Winter Fishing

We can see how the winter months can be depressing, if you’re a Striped Bass. From October to April, the coast of Virginia Beach excites with Striper fever. Anglers from all over the world start their mass exodus to the Striper Capital of the World to take part in the challenging and fruitful Striped Bass season in Virginia Beach. Seasoned anglers and beginners alike can take part in the action, all leaving with big smiles, fond memories and tired forearms.

Striper Season

Winter Fishing

Striper season in Virginia Beach typically opens in October and runs through April. An annual migration, tens of thousands of Striped Bass move through the waters that surround Virginia Beach in search of schooling bait fish. In fact, Virginia Beach rightly lays claim to being the Striper Capital of the World, drawing not only local fishermen to its fertile waters, but anglers from all over the U.S.

Located in the middle of two food-rich currents, the Florida Current coming up from the south and the Mid–Atlantic Coastal Current coming down from the north, and two great bodies of water, the Chesapeake Bay and the Atlantic Ocean, Virginia Beach is the ideal feeding grounds for these maritime marauders.

The currents are a push and a pull for Stripers, once helping to move them out of their northern feeding grounds and now into the fertile, warmer water sanctuary of the Chesapeake Bay and mid-Atlantic Coast. In fact, the Chesapeake Bay is the birthplace for 80 percent of the East Coast's Striper population. Once the fish reach approximately 18 inches in length, the siren call of the open ocean beckons them out of the Bay and into deeper waters.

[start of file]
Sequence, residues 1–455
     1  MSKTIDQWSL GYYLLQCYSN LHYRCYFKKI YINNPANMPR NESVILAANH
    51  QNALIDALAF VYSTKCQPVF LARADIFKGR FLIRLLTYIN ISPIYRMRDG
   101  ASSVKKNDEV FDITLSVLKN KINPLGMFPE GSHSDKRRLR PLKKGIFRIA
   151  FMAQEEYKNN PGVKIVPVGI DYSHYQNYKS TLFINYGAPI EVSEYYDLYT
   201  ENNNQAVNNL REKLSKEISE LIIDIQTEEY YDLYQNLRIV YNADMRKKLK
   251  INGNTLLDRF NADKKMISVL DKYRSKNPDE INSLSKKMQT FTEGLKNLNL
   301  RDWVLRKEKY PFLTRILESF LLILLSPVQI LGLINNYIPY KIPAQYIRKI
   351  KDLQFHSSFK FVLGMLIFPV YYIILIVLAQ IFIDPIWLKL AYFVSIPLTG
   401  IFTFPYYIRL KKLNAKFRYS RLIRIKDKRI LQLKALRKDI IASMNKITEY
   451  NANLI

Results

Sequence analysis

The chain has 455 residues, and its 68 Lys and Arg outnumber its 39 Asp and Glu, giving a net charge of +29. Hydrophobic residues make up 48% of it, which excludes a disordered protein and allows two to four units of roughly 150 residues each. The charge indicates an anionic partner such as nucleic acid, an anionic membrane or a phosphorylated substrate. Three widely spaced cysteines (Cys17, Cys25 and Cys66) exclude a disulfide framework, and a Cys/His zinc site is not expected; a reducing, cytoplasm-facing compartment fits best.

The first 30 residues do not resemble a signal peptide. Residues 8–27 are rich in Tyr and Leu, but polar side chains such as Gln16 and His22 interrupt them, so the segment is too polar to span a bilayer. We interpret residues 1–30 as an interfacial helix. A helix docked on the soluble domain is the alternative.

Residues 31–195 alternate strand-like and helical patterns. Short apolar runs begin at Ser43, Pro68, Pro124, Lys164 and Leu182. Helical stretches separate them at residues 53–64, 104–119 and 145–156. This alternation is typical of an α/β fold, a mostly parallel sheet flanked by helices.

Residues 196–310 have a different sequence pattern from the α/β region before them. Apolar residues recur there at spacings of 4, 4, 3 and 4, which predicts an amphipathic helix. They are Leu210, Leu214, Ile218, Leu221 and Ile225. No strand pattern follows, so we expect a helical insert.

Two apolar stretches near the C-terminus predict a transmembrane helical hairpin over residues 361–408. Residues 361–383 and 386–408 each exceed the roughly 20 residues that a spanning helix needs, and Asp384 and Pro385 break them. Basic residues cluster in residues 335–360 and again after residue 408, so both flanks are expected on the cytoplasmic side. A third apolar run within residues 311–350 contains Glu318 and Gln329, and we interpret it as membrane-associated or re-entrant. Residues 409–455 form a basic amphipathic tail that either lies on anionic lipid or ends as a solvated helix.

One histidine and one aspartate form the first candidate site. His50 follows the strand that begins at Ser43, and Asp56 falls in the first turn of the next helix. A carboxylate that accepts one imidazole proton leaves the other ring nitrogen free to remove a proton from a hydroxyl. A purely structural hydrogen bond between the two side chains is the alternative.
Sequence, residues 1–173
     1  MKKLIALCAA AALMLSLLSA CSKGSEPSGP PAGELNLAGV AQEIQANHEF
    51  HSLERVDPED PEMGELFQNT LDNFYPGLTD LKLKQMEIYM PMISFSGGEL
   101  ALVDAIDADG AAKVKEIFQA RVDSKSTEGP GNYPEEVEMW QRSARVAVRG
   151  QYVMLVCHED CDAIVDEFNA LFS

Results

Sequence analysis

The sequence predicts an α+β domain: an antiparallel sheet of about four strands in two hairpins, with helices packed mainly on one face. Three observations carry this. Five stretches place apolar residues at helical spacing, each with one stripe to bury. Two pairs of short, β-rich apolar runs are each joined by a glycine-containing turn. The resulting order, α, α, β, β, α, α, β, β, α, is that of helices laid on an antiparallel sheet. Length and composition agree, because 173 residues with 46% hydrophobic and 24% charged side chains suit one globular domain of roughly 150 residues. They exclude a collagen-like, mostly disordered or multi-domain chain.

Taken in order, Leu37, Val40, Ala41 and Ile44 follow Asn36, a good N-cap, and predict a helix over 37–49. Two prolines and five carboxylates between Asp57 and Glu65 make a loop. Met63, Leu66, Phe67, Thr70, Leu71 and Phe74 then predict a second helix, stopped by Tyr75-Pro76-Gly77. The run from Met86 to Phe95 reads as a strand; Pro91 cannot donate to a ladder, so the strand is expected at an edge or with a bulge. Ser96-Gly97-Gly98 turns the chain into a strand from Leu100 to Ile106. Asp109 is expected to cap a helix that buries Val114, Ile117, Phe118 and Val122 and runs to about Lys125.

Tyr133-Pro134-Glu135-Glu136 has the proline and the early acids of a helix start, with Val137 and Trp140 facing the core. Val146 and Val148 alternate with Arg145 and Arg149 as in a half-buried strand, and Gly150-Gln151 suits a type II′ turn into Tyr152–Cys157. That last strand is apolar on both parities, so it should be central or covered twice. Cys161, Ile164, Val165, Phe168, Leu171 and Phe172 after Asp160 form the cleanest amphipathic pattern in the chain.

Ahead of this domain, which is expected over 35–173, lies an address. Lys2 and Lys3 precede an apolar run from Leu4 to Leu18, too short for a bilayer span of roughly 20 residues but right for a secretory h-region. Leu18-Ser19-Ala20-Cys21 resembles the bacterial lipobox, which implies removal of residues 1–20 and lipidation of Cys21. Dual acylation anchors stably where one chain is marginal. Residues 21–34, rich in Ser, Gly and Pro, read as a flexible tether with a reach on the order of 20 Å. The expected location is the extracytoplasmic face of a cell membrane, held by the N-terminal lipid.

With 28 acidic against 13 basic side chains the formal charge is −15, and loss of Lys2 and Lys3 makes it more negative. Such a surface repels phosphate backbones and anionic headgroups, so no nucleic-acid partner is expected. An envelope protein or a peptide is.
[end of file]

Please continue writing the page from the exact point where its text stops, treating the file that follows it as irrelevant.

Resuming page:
As the massive schools of these young fish make their way to the ocean, they stop at one of the engineering marvels of the world, the Chesapeake Bay Bridge Tunnel (CBBT). At 17 miles long, the bridge/tunnel gives the fish refuge from the pumping tidal flows that push both water and bait fish into the Chesapeake Bay. Playing into their ambush instincts, Stripers often use the islands and pilings that make up the foundation of the bridge/tunnel as a hiding place from which to attack moving baitfish.

When the tide slackens and the water isn't moving, the real spectacle begins. The Stripers school up and start prowling, becoming marauding eating machines chasing the great drifts of baitfish and turning the surface of the Bay into a feeding frenzy.

The fishing here is not difficult or technical. It offers rewards for all types of anglers: the hard–core seasoned veterans, fly–fishers, buddies out for a good time, parents taking children on their first ocean fishing trip, or groups looking to try something new.

The fish are so plentiful that Virginia Beach can honestly boast that a fish can be caught on almost every cast. Charter captains often hear their clients say they don't want to catch any more fish because their arms are tired from constantly reeling in fish.

Rudee Inlet and Lynnhaven Inlet are homes to Virginia Beach's sport fishing fleet and offer fishing charters and head boat reservations at the inlet themselves, online or over the phone.

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